Jennifer Armentrout may be best known for her New York Times best-selling romances, but this May, she’ll release a YA coming-of-age story. In The Problem with Forever, Mallory Dodge’s (nicknamed “Mouse”) troubled childhood taught her that silence is the best way to go through life. Although her trauma technically ended four years ago, she’s facing a whole new set of problems — leaving the comfort of homeschool for senior year in a public high school. To complicate things even further, she runs into an old childhood friend, Rider Stark, on the first day of classes — who used to be her protector back then. But it turns out, Rider might need more help than Mallory does.
Check out EW’s exclusive cover reveal and a sneak peek inside the book, below. The Problem with Forever hits shelves May 17.
EXCERPT FROM THE PROBLEM WITH FOREVER by JENNIFER ARMENTROUT
Mr. Santos appeared at the front of the speech class like there had been a trap door in the ceiling he’d fallen out of. That took talent. “All right, kiddos. We’re going to start class off with a little exercise.” He clapped his hands together, startling the boy in the front of the room that had already drifted off to sleep. “When it comes to public speaking, practice is key. The more you do it, the easier it gets. Trust me.”
A tingling started in my fingers as I straightened.
“When I was your age—”
“A century ago,” someone muttered.
Santos shot the kid a droll look. “Cute. Anyway, when I was your age a few decades ago, the thought of talking in front of a bunch of people made me want to vomit.”
“Yikes,” murmured a girl.
There was a good chance I was going to hurl, myself.
“So it was something I had to work at. We all do. That means we’re going to kick off with a quick introduction.”
“Oh, s—,” Rider muttered under his breath. He of all people would know why this was impossible for me.
Santos continued, oblivious to the fact that I was staring at him with my eyes peeled so wide it was like I no longer had eyelids. “Each of you will stand up, face the class, give us your name, and tell us one thing you like—keep it classy, folks—and one thing you don’t like. Again, PG-rated.”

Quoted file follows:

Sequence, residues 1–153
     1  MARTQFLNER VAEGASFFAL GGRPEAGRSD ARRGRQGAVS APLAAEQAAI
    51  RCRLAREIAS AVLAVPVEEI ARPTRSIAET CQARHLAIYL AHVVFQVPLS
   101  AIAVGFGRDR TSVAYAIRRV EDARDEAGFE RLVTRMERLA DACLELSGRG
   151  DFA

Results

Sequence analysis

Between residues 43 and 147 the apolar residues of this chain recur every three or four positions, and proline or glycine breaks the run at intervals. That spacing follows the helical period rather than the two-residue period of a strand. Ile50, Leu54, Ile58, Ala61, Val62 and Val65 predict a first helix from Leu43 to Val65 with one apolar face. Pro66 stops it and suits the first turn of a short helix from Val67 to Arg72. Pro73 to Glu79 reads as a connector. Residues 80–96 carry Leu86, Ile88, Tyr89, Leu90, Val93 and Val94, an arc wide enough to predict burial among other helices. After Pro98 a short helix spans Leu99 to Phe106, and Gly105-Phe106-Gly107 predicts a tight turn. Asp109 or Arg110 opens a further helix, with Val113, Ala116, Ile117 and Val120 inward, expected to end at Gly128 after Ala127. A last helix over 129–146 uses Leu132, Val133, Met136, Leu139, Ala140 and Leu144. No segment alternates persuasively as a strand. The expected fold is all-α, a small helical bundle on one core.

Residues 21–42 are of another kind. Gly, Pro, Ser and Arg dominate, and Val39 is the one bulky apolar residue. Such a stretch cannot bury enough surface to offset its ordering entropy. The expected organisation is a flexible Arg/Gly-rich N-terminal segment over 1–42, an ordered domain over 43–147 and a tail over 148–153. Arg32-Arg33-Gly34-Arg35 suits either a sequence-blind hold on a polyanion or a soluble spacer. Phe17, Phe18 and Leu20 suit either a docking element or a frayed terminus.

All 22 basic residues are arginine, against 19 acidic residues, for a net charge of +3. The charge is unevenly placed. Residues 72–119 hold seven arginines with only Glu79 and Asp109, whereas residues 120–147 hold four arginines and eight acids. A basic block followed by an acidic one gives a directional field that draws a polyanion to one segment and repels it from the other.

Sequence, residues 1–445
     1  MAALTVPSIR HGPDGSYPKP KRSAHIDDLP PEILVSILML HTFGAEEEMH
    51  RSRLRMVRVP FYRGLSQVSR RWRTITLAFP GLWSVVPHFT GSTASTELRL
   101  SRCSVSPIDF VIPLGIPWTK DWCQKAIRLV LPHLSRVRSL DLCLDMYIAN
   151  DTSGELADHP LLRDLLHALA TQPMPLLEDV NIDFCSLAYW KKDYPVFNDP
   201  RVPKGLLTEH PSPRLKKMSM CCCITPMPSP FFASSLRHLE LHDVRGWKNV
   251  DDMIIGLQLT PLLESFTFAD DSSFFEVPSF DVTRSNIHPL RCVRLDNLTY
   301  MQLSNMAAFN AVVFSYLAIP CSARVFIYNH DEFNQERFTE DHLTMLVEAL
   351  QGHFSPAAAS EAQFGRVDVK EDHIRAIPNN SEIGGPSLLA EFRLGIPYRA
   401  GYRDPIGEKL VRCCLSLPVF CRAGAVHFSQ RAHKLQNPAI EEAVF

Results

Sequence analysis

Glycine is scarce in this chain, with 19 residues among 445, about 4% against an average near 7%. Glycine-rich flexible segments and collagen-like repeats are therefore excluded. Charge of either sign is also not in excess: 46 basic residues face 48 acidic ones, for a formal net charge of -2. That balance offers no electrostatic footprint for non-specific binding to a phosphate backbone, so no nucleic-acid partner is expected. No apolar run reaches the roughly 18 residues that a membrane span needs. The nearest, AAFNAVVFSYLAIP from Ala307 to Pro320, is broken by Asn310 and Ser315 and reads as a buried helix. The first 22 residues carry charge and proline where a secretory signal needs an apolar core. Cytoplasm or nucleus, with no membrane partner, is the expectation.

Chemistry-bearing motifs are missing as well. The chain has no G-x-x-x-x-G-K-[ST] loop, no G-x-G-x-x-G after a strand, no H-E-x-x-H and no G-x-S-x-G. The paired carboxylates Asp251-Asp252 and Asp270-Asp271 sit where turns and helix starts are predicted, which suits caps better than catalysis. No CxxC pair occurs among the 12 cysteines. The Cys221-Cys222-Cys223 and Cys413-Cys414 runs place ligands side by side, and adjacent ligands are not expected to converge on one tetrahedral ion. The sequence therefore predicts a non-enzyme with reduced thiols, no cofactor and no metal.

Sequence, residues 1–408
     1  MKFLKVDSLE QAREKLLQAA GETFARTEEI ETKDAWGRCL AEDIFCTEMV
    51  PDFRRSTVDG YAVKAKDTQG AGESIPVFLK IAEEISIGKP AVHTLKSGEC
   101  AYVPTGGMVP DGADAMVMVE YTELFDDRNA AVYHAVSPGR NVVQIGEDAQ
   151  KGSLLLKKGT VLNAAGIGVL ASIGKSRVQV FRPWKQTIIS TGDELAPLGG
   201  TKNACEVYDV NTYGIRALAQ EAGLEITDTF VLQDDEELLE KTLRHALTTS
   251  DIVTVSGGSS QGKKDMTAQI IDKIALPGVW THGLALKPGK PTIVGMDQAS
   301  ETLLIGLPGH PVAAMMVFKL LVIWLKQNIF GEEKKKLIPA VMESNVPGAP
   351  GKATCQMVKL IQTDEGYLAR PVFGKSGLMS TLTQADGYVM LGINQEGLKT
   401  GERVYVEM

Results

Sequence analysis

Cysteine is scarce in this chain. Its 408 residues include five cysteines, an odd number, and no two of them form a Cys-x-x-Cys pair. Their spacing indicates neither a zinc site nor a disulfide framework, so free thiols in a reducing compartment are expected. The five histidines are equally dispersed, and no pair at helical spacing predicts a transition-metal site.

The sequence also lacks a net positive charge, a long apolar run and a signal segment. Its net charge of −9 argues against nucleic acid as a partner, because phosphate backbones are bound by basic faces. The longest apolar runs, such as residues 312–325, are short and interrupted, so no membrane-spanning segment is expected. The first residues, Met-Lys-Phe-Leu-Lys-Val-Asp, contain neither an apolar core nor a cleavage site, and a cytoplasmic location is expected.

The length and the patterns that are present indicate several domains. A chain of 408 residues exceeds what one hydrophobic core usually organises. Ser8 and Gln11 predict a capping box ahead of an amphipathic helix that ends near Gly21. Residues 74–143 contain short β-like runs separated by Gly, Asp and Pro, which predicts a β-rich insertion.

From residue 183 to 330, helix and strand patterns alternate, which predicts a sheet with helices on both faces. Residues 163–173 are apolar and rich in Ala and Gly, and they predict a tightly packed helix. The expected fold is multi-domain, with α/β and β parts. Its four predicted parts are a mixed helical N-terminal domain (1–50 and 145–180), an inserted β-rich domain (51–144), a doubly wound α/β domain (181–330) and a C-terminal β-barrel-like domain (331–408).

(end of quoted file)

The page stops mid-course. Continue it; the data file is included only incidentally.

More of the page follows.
Laughter followed, but the blood was draining from my head so fast I felt dizzy. No. I had weeks to prepare for this. Talking in front of the class was not supposed to happen today or tomorrow or next week.
“Mallory.” Rider called my name in a whisper.
My hands gripped the edge of the desk as my pulse did its own version of house music. My throat was tightening up as my eyes swung in his direction. Hector and Paige’s faces were a blur. A chair scratched across the floor and my gaze followed the sound.
A guy was standing, hitching up his pants. As instructed, he faced the class. “My name is Leon Washington.” A big grin covered his face. “I don’t like cheese. And I like the chicks in the vids.”
Chuckles and giggles rose while Santos shot him a look. Leon plopped down, and up went a girl. My breath was coming out in fast gasps. Paige sat at the end of the first row, Rider at the second, and me at the end of the third. There were seventeen chairs in front of me, two empty.
My wide gaze darted to Rider. Understanding was etched into his expression, in the hard set of his jaw. His gaze darted to the girl who was now standing.
“I’m Laura Kaye.” She brushed shoulder-length brown hair back from her face as she turned to the class. “I… um, I like driving with loud music on. And I don’t like…” Her cheeks flushed pink. “And I don’t like gossiping b——s.”
Mr. Santos sighed.
The class erupted into laughter.
Laura sat down with a satisfied smile on her face.
There was a good chance I was going to have a heart attack as another guy stood, his face already the color of a tomato.
“Mallory,” Rider whispered, and my panicked stare drifted to him. Over his shoulder, I was aware of Paige watching us. “You can do this,” he said in a hushed voice. “You can.”
His eyes held mine, and he stared at me like his words alone held the power to convince me, but he was wrong. I couldn’t do this. The plug at the top of my throat turned into a seal. Oh God, there was no way I could get any words out. Pressure clamped down on my chest, seeming to completely cut off my airway. An all-too-familiar icy burn splashed across the base of my neck.
I couldn’t do this.